Mercedes-Benz has been saying for some time now the fuel cell vehicles are coming, and while eyes are on that potential a few years hence, the company is actually investing heavily now in fuel cells for more ordinary purposes in its own operations.
In June of last year, the company opened the world’s first dedicated fuel cell stack facility in Canada, and just today, it was announced it has ordered 123 additional hydrogen-based GenDrive fuel cell units to power forklift trucks for its new material handling fleet at its logistics hub now under construction in Tuscaloosa, Ala.
These fuel cell modules are drop-in units to replace lead-acid batteries and add to 72 GenDrive fuel cells purchased last July for the lift truck fleet at its Tuscaloosa vehicle assembly plant.
Mercedes-Benz began construction earlier this year on the $70 million, 900,000 square-foot state-of-the-art warehouse and it will be proximal to its already operational assembly plant.
So, being already convinced fuel cells are viable for its own needs, Mercedes-Benz is adding to its fuel-cell fork trucks and these will be an integral part of the automaker’s streamlining of its logistics operations.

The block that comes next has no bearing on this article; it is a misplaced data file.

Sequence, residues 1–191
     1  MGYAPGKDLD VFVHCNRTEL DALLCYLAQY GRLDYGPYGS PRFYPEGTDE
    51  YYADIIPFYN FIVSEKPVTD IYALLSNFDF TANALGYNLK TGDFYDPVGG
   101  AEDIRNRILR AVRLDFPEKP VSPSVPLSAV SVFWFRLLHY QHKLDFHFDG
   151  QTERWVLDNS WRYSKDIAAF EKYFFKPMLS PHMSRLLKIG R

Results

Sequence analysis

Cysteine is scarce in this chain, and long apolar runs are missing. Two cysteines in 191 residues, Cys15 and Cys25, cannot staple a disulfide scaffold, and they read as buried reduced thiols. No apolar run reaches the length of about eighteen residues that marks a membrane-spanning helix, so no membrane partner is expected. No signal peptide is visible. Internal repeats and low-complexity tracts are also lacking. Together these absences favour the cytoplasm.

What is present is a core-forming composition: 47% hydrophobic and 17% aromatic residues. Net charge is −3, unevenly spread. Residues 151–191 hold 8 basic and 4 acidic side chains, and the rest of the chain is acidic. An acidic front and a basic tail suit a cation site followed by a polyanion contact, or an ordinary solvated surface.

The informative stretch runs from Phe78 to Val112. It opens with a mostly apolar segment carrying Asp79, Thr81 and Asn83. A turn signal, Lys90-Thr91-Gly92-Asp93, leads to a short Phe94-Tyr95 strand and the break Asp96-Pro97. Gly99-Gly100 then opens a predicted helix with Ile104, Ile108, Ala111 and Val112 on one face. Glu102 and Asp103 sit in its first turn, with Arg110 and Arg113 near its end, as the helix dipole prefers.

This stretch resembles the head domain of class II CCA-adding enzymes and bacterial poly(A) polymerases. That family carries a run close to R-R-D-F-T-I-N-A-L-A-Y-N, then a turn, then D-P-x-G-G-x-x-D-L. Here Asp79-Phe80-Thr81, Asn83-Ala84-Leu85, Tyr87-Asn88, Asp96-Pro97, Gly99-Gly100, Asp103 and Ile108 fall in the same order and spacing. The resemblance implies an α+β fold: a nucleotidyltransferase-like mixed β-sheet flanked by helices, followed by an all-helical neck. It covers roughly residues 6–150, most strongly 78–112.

According to the fuel cell supplier, Plug Power, the massive facility will support M-B’s receiving, handling and sequencing of parts for M-Class and GL-Class SUVs and R-Class crossover vehicles currently in production, as well as for the successor generation of the current C-Class for the North American market beginning in 2014.
It is expected that the new GenDrive-powered forklift fleet will be operational by the fourth quarter of 2013 and a few advantages were touted for the decision to skip right over more advanced batteries that might also have been used, but were not.
Plug Power says the fuel cells are more efficient and cost-effective and provide clean energy for warehouse and distribution operations.
Fuel cells eliminate the possibility of lead and acid contamination in the workplace, and eliminate the need for battery storage and re-charging rooms in the new logistics hub, says the company.
Compact refueling stations will be available in several locations within the facility, with hydrogen provided by Air Products.
Fuel cells take only minutes to re-fuel, and can keep lift trucks running at constant speed, unlike lead-acid batteries which cause vehicles to slow as their charge runs down.
“The Mercedes-Benz plant in Tuscaloosa has experienced first-hand the value of GenDrive fuel cells to operate its forklift fleet,” said Andy Marsh, CEO of Plug Power. “Success with their initial implementation has led Mercedes to broaden their commitment to sustainable energy by ordering even more GenDrive units to power the fleet in their new logistics center.”
About 240 semi trucks per day are expected to come and go at the M-B logistics center which will be as large as the current vehicle assembly plant.
The GenDrive hydrogen fuel cell-powered lift trucks will handle approximately 2.9 million automotive parts per day.
By the time fuel cell cars such as an F-Cell hatch possibly as soon as 2014, and a sedan in 2017 are launched, Mercedes-Benz will have been more than familiar with relying itself on fuel cell technology.